The differing jurisdictions within the US have varying statues of limitations of certain laws. Where can statutes of limitations be found (according to the law's jurisdiction - Federal, State, County, City, etc...) for each particular law?

2 Answers 2


The authority that established the offense is generally the same authority that establishes a statute of limitations, if any. Federal statutes of limitations are established by Congress, so they're found in federal statutory law -- for example, you can find the general felony statute of limitations at 18 U.S.C. § 3282, but Congress can set different statutes for different offenses.

State statutes of limitations are similarly set by the state's legislative authorities. For example, California's statutes of limitations are enacted by the California legislature; a sample of them can be found here.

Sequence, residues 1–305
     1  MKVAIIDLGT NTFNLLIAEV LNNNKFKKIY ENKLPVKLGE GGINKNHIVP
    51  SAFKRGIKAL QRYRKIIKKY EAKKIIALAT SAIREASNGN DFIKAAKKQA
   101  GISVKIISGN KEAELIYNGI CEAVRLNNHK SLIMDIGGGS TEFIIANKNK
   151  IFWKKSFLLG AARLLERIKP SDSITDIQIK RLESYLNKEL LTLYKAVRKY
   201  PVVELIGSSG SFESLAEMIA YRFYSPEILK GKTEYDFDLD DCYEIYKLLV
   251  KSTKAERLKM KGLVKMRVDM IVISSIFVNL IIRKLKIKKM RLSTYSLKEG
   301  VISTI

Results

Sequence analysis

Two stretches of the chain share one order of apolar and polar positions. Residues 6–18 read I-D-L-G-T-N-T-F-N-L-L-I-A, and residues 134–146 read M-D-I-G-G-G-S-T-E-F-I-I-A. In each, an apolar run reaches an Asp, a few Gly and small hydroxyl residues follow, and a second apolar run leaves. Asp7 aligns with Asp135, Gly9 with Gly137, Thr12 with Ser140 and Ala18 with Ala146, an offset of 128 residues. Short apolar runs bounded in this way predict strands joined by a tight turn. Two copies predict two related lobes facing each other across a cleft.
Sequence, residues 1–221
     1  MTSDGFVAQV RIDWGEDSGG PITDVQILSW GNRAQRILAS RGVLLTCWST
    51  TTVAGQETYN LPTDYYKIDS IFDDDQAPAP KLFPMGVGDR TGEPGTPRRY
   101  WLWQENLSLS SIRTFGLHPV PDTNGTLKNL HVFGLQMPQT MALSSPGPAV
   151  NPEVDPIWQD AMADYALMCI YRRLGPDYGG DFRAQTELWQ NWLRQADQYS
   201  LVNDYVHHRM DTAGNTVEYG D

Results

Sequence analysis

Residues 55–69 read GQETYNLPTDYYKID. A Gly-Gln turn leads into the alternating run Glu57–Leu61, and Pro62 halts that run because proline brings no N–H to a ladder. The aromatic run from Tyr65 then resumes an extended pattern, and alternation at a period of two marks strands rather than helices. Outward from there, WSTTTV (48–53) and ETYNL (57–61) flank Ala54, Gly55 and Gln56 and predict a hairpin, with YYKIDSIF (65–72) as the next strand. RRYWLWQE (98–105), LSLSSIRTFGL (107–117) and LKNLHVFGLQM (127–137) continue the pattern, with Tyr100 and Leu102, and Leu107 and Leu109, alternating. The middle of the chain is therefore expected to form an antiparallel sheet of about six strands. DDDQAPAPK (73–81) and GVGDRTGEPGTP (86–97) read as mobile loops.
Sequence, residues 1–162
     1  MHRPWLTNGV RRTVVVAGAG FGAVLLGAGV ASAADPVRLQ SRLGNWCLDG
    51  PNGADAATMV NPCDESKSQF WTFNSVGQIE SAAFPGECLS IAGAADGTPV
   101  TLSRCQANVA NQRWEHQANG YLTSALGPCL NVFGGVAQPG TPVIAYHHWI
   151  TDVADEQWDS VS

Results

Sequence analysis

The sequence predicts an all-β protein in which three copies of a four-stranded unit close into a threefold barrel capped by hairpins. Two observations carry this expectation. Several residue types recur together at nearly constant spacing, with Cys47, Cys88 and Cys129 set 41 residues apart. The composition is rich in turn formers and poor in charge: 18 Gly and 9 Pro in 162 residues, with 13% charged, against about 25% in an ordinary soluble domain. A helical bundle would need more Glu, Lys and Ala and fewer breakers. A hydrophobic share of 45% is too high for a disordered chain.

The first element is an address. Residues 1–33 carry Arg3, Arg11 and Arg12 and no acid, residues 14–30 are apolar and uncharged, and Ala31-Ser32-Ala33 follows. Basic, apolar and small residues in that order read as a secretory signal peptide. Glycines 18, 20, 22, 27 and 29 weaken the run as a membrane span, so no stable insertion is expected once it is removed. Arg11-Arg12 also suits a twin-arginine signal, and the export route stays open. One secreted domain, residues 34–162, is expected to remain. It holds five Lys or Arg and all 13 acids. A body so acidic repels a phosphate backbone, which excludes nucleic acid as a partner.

Municipalities (cities) in the US often don't have the power to establish criminal offenses. If they do, their power is governed by state law, so their state legislatures might have already established applicable statutes of limitations. In Colorado, for example, the City of Denver has the power to establish municipal offenses, which are misdemeanors, which it does in Chapter 38, Denver Code of Ordinances, but Colorado law establishes an 18 month statute of limitations for all misdemeanors (Colorado R.S. § 16-5-401).

  • Also, quite a few federal causes of action have statutes determined based upon state law. And, civil actions as well as criminal offenses can have statutes of limitations.
    – ohwilleke
    Jul 26, 2022 at 0:08

Thay varies a good deal by jurisdiction. Some laws include their own ataturw od limitations, that is how long after an event a prosecution or legal actio may be started. Some jurisdictions have a single law with a list or table giving the limitign period for each of several types of laws. Some have one law giving limnitations for felonies, another for misdemeanors, yet another for torts, perhaps another for contract actions.

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